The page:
Royal Family website crashes for 90 minutes, Russian hacker group KillNet takes credit

News & Politics

A Russian hacker has taken credit for allegedly taking down the Royal Family’s official website in what has been characterized as a targeted attack.

The hacker’s name is apparently KillMilk, the purported leader of the Russian hacktivist group known as KillNet. The group claimed in a Telegram post that they had carried out a virtual attack against the Royal Family’s official website on Sunday, per the Daily Mail.

The group claimed that the incident was an “attack on paedophiles.” They also posted a photo of King Charles with the words “they killed our website” beside it. It was reported that the Royal Family’s official website,, was not able to be reached for around 90 minutes. However, the site is active again.

This is not the first time KillNet has targeted the Royal Family. In November 2022, they reportedly took down the website for several hours in what was called a DDoS attack.

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BlackBerry described the hacker group in the following way:

KillNet is a Russia-aligned hacktivist group that gained notoriety during the first month of the Russian-Ukraine conflict when they began a widespread—although relatively unsophisticated—campaign of Distributed Denial of Service (DDoS) attacks, political rhetoric, and misinformation. KillNet’s self-proclaimed anti-war axiom states that their primary targets are supporters of Ukraine, including NATO countries and their allies. Although KillNet’s ties to official Russian government organizations such as the Russian Federal Security Service (FSB) or the Russian Foreign Intelligence Service (SVR) are unconfirmed, the group is considered a threat to critical infrastructure by a multi-national joint cybersecurity advisory.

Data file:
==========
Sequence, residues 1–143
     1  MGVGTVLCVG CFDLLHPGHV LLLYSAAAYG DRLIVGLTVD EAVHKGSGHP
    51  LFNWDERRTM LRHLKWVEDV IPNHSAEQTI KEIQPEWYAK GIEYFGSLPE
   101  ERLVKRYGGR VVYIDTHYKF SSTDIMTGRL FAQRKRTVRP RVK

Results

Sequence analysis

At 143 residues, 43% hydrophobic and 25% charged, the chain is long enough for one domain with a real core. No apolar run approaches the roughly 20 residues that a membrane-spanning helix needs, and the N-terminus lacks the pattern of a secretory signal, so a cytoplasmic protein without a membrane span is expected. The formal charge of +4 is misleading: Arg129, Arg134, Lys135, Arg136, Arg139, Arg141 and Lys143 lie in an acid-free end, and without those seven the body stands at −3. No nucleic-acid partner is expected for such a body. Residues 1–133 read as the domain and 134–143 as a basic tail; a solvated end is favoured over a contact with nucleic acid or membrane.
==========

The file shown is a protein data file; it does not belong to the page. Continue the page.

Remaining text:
The Five Eyes intelligence network, which is comprised of Australia, Canada, New Zealand, the U.K., and the U.S., cautioned in April 2022 that KillNet was just one of several hacker groups that had pledged support for Russia amid the war in Ukraine. The group threatened to attack anyone who targeted Russia or supported Ukraine, according to the report.

Two other hacker groups, UserSec and Anonymous Russia, took responsibility for creating outages at Birmingham Airport and London City Airport back in July. It is believed that the groups targeted the airports after NATO came out in support of Ukraine.

UserSec said on its Telegram page: “We decided to put one of the largest airports in the UK to sleep. Glory to Russia!”

The group also shared a post by Anonymous Russia, which said: “Anonymous Russia joins the attack on UK airports! Before your eyes, the sleeping international British airport Birmingham! Glory to Russia!”

It is uncertain what the hacker group’s next target is.

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